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                                       Constructing Turnouts on Templot Drawings
     
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1st message | this message only posted: 22 Apr 2017 10:17
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from:
leswaters
Newcastle Upon Tyne, United Kingdom

 

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Hello
Thanks to this forum I have had a breakthrough this week on getting large Templot drawings printed by a commercial printer.  My project is a large garden railway in O gauge where there are some complex crossings.  All the drawings have been completed in Templot and I am currently working in my garden shed where an eight road fiddleyard is required.

My concerns are as follows.  Up to now I have built turnouts on melamine boards where I have used spray on photo mount adhesive to stick the Templot drawing down.  Then I use double sided sellotape to hold the sleepers in place.  Finally, the chairs and rail are installed.  When completed I carefully lift the whole assembly off the double sided tape.  This works well for single points but when I come to build larger crossing, say a double scissors, I would prefer to build the assembly in situ on the baseboard. However, with the layout being exposed to the elements I am concerned about the bonds between the baseboard (which is likely to be made from waterproof tiling board), the paper Templot drawing and the plastic sleepers.  Water based adhesives would not appear to be an option.

Has anyone on this forum any ideas on how I might achieve a good bond between them ?  What I don't want to do is spend a lot of time and effort on track work that will eventually lift off the boards.

Thanking you in anticipation.

Regards

Les

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2nd message | this message only posted: 22 Apr 2017 11:24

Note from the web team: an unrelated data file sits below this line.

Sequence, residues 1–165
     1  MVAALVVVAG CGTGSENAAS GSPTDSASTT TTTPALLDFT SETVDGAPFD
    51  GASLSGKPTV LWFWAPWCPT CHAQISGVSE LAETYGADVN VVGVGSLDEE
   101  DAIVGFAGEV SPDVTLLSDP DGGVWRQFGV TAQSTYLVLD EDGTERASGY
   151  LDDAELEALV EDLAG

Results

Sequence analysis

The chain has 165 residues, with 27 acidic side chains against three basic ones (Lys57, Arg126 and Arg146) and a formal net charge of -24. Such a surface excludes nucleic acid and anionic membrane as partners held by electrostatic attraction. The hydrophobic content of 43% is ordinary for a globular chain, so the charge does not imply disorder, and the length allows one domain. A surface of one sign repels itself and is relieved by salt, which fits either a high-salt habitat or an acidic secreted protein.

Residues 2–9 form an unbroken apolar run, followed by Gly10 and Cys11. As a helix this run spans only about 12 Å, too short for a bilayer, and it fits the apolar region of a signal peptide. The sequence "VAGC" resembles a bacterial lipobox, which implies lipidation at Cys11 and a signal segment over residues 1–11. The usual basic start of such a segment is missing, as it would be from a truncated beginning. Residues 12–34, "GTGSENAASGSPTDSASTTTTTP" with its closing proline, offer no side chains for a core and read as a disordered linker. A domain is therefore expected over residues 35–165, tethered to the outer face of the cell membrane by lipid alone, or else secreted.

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from:
Hayfield
United Kingdom

 

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Les

How about sticking the template down to the trackbed with waterproof PVA.

PVA on the board then put the paper on to it

I would then carefully coat the template with varnish making the whole thing waterproof

Timbers can then be laid using either impact adhesive or one of the more modern glues.

Prior to laying the timbers, sand the top of the plan flat perhaps re-varnishing after the timbers are laid and stuck firm
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3rd message | this message only posted: 22 Apr 2017 12:44
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from:
leswaters
Newcastle Upon Tyne, United Kingdom

 

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Hayfield
Many thanks for your reply.  Some good ideas here.  I understand where you are coming from with the waterproof PVA. However, I am concerned that waterproof PVA will be water based which could be absorbed by the paper drawing.  Consequently, it might stretch, wrinkle and distort it enough to cause discrepancies over large areas.  However, I am not well enough informed about adhesives to know for sure.

Thank you once again..

Regards Les

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4th message | this message only posted: 22 Apr 2017 13:49
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from:
Martin Wynne
West Of The Severn, United Kingdom



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Post your questions on the forum where everyone can see them and add helpful replies.
Hi Les,

Anything water-based is likely to cockle the paper. I think you would need to coat the template with something like waterproof yacht varnish, perhaps diluted with thinners a little to allow better absorption. If you spike holes in the paper under the timber locations, or even drill small holes through into the sub-base, the adhesive used to fix the timbers would penetrate down through the template into the base.

But what method of track construction are you using? Outdoor lines need a good allowance for expansion and contraction -- fixing it solidly to a board may not be ideal. You might want something resilient in between, such as a layer of roofing felt.

I myself wouldn't want to build complex pointwork in outdoor conditions. It might be easier to build it indoors on small panels of say external plywood, or even on the old traditional method of battens. For plastic timbers you could update that idea with plastic strips, such as from the Evergreen range:

 http://www.evergreenscalemodels.com/Strips.htm

e.g. 24" long x 188 thou square? (3/16" sq).

Buried in ballast the strips wouldn't be too badly affected by sunlight-embrittlement.

Just an idea, I haven't actually tried it.  :)

You might find these topics on the Western Thunder forum worth a look:

 http://www.westernthunder.co.uk/index.php?threads/a-venture-into-the-garden.4597/

 http://www.westernthunder.co.uk/index.php?threads/garden-railway-track-materials.4083/

regards,

Martin.

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5th message | this message only posted: 22 Apr 2017 14:20
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from:
leswaters
Newcastle Upon Tyne, United Kingdom